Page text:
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How to Conduct Design Research for Home Healthcare Devices


Posted in Design Services by Shana Leonard on August 11, 2014

As healthcare shifts from the hospital to the home, design research must also morph to keep up. 


Who is the typical user of your medical product and what is the use environment? These used to be easy questions for medical device companies to answer. But the increasing shift in healthcare from the hospital to the home has many designers scratching their heads in response.

As the industry adapts to serve these new stakeholders, the focus on user-centered design, observational research, human factors engineering, and generally designing with the user in mind is becoming increasingly critical in order to ensure compliance, minimize risk, and promote market adoption. Designers must be creative and nimble in the face of these complex new challenges.

“When you're shifting from the hospital or clinical setting, your group of users expands and becomes more differentiated, and you're trying to address all of the different needs associated with each user,” noted Stephanie Kreml, principal, Popper and Co., during a panel discussion at the MD&M East conference in June.

And that’s a tall order. Users outside of the clinical setting can be patients or caregivers with varying conditions or disabilities that may affect product use; comprehension skills; environments; and lifestyles. All of these potential factors must be taken into account when designing for an untrained user.

Usability testing remains critical in this new healthcare paradigm; however, it doesn’t differ greatly between patients and clinical users, Steve Wilcox, principal and founder of Design Science, noted during the panel. “Where it gets complicated is in doing observational research,” he said. “I can bring in my cameras and hang around the ICU for a week, and that's one thing. But how do you study a patient?”

Most patients aren’t too keen on having researchers hang around their house, watching them go about their daily routines for hours at a time. And this approach isn’t exactly the best use of time and resources for the medical device company, either.

So, how should companies conduct research efficiently and effectively for home healthcare devices?

In the case of an insulin pump, for example, Wilcox identified three key factors to consider: What happens during the day, at night, and out in the world. “One of the ideas we've come up with is to set up a teleconferencing system with the patient so when they bolus themselves or do something with the device, we incentivize them to call us up. We ask questions and have them show us things.”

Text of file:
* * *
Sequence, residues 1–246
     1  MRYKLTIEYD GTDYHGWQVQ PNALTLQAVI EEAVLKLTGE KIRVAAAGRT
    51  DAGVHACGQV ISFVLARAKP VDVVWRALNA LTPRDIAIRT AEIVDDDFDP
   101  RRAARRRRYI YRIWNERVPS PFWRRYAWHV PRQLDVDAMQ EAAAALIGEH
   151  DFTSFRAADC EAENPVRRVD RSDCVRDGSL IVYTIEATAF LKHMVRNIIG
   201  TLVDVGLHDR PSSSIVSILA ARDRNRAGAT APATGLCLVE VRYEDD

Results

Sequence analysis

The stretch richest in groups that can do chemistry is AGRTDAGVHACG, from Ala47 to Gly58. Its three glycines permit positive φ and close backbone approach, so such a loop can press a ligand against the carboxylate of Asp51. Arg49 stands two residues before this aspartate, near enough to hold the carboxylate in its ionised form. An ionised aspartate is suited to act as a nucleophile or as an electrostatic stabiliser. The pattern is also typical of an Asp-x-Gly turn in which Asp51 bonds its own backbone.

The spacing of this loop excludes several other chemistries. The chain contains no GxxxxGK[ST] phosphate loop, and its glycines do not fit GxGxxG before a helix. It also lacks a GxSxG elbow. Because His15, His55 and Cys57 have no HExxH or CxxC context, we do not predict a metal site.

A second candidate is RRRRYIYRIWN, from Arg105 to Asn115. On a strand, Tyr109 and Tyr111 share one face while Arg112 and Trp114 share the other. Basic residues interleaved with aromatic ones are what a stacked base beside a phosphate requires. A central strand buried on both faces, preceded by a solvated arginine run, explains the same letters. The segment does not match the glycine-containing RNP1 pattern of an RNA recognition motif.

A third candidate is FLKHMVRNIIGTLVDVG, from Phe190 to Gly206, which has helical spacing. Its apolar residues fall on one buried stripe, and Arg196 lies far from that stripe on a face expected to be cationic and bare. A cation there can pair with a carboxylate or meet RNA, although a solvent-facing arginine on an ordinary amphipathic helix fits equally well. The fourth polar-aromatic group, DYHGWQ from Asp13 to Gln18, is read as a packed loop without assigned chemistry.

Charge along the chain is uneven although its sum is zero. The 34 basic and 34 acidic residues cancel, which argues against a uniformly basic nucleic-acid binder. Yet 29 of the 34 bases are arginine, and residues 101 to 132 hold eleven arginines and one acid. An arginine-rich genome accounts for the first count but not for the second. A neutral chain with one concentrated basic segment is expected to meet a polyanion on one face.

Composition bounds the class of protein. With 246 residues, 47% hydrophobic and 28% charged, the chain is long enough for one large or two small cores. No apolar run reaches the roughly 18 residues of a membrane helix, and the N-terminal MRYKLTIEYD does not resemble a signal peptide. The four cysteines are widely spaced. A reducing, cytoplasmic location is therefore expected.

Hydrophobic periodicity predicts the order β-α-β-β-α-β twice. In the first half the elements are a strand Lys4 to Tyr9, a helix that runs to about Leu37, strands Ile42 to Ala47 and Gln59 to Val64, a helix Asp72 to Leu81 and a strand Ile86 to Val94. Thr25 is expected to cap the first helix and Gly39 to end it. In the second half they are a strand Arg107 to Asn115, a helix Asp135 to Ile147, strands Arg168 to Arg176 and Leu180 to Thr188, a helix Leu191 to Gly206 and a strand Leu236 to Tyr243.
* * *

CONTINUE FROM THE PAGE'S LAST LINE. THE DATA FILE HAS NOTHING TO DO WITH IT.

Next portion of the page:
He added that nighttime for diabetics tends to be eventful and is particularly crucial to understanding the patient and device needs. “You set up an infrared camera and have the person sleep in front of the camera—people are willing to do it, believe it or not, if you pay them enough—and then if you put a motion sensor on it, again you don't have mountains of worthless data,” Wilcox explained.

Finally, designers need to consider the many use environments in which people with diabetes will likely find themselves. These life-critical devices aren’t just used in the home, after all; patients go to the gym, restaurants, and work or school. Wilcox noted that patients can now be recorded going about their regular activities in the real world without attracting unwanted attention, thanks to the proliferation of miniature cameras and smartphones.

Beyond observational research, some designers are facing new challenges in designing medical products for untrained users. In the diagnostics realm, in particular, a massive paradigm shift is underway. Tests that have traditionally been interpreted by trained professionals are now becoming automated and designed for home use.

“That drives the need to make devices simple and prevent the end-user from making mistakes, especially when you're talking about diagnosing illness,” said Elizabeth Bononno, director of user experience design at Siemens Healthcare Diagnostics. “You’re going from a very controlled environment to an environment where you don't know what you're going to walk into and how that test will be performed or conducted. But it's the same end result, which is information that could change someone's life.” She added that the complexity increases dramatically because designers have to now consider many more scenarios, possible end-users, and use environments.

By gaining a better understanding of the potential use environments and users—however varied and numerous they may be—will ultimately lead to a better user experience for home healthcare devices. In turn, these efforts will pay off in customer loyalty, compliance, and, ultimately, better patient outcomes.

 —Shana Leonard, group editorial director, medical content
shana.leonard@ubm.com

[image courtesy of DDPAVUMBA/FREEDIGITALPHOTOS.NET]


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